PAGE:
Thursday, January 2, 2014
QUICK REVIEW (incomplete): The Secret History of Las Vegas by Chris Abani
Before he can retire, Las Vegas detective Salazar is determined to solve a recent spate of murders. When he encounters a pair of conjoined twins with a container of blood near their car, he’s sure he has apprehended the killers, and enlists the help of Dr. Sunil Singh, a South African transplant who specializes in the study of psychopaths. As Sunil tries to crack the twins, the implications of his research grow darker. Haunted by his betrayal of loved ones back home during apartheid, he seeks solace in the love of Asia, a prostitute with hopes of escaping that life. But Sunil’s own troubled past is fast on his heels in the form of a would-be assassin.
Suspenseful through the last page, The Secret History of Las Vegas is Chris Abani’s most accomplished work to date, with his trademark visionary prose and a striking compassion for the inner lives of outsiders.
Unfortunately this book expired before I had time to complete it, what with the busy holiday period. (I didn't realize you are given so little time to read the books from First to Read. It can be difficult to squeeze into a schedule of books you've already agreed to read/review by a certain date.) I only got about halfway through the book, but did enjoy what I read. There were a couple of moments that seemed a little ridiculous, but overall I thought that author Abani is a brilliantly captivating writer. My one big gripe is the lack of quotations in the dialogue, which always makes me go back and re-read the dialogue a second time, once I reach the end of the line and see something like "Salazar said", and realize it was dialogue and not thought or narration. I always sigh when I begin reading a book and discover the lack of quotations, because I know it will add an extra level of tedium to my reading. But generally a good story from what I read, and I will probably try to get my hands on the finished release at some point, to see how it all ends.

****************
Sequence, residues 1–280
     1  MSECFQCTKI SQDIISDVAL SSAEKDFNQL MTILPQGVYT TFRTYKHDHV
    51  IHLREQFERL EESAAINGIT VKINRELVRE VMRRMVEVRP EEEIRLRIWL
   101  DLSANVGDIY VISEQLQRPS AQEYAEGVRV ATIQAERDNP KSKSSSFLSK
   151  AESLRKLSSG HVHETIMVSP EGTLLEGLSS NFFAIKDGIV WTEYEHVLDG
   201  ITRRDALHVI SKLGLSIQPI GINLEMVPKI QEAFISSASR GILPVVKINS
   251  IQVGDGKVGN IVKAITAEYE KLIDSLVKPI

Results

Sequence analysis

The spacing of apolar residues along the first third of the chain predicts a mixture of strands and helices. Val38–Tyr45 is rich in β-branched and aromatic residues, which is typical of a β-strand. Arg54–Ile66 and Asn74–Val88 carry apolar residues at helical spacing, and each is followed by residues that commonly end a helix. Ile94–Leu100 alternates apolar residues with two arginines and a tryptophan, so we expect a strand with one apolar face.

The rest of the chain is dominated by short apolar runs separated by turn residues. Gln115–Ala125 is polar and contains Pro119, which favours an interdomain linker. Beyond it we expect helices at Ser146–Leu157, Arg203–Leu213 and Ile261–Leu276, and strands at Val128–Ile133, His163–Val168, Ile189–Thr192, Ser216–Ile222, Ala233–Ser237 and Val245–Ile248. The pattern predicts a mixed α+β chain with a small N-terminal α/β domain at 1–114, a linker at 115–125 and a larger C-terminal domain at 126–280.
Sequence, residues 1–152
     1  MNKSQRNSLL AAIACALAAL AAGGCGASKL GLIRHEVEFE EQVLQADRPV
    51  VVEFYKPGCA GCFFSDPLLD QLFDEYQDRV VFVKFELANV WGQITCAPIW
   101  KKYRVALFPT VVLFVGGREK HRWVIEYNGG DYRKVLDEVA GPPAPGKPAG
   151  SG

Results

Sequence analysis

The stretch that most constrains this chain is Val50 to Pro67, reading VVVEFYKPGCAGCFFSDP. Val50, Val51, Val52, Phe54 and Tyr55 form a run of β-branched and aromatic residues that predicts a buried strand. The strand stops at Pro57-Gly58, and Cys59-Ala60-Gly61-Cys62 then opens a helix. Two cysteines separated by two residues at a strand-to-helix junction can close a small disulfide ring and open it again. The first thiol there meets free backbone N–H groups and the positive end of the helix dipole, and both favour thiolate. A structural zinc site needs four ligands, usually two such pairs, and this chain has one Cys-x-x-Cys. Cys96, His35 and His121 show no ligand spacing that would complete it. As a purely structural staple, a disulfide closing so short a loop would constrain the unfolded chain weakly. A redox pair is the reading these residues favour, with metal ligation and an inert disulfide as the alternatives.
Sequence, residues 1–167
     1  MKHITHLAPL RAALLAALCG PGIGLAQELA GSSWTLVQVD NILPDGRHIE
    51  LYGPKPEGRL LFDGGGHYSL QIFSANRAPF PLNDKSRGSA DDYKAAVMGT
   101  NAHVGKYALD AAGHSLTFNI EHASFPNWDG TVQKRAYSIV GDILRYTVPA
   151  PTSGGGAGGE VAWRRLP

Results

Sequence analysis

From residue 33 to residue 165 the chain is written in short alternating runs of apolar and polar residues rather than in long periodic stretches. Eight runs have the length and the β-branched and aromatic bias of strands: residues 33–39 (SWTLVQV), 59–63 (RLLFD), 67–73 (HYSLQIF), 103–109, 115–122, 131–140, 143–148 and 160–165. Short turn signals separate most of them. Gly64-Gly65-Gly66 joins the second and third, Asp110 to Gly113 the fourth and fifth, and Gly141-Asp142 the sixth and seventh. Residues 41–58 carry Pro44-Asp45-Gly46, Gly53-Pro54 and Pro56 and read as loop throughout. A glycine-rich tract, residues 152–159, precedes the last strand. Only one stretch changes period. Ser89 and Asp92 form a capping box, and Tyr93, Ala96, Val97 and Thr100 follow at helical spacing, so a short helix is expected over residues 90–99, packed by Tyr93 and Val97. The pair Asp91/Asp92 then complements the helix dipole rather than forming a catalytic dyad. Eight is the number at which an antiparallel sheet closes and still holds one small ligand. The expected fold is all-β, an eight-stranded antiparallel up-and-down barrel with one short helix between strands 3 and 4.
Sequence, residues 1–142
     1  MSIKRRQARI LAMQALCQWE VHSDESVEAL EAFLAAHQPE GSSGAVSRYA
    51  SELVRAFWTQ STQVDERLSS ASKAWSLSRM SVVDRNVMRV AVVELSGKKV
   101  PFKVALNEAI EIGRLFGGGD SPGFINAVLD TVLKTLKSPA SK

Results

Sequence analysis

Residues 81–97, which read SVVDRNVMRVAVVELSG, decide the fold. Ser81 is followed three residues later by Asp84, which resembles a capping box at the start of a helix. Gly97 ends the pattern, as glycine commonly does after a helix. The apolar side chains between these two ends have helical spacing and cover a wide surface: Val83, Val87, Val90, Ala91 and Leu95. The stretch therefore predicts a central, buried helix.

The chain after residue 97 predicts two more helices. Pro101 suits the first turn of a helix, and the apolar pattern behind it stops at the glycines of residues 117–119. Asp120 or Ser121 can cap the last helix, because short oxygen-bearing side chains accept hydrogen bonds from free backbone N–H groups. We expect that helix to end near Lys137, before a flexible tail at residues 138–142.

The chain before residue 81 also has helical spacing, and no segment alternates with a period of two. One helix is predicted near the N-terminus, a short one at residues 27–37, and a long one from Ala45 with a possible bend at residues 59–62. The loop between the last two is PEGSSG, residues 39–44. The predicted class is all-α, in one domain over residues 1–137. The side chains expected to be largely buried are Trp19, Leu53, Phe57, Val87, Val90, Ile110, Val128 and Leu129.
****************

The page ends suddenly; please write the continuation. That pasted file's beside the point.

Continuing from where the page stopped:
I received a free advanced copy of this book through First to Read, with no obligation to review it. The opinions expressed are my own and based on my observations while reading this novel.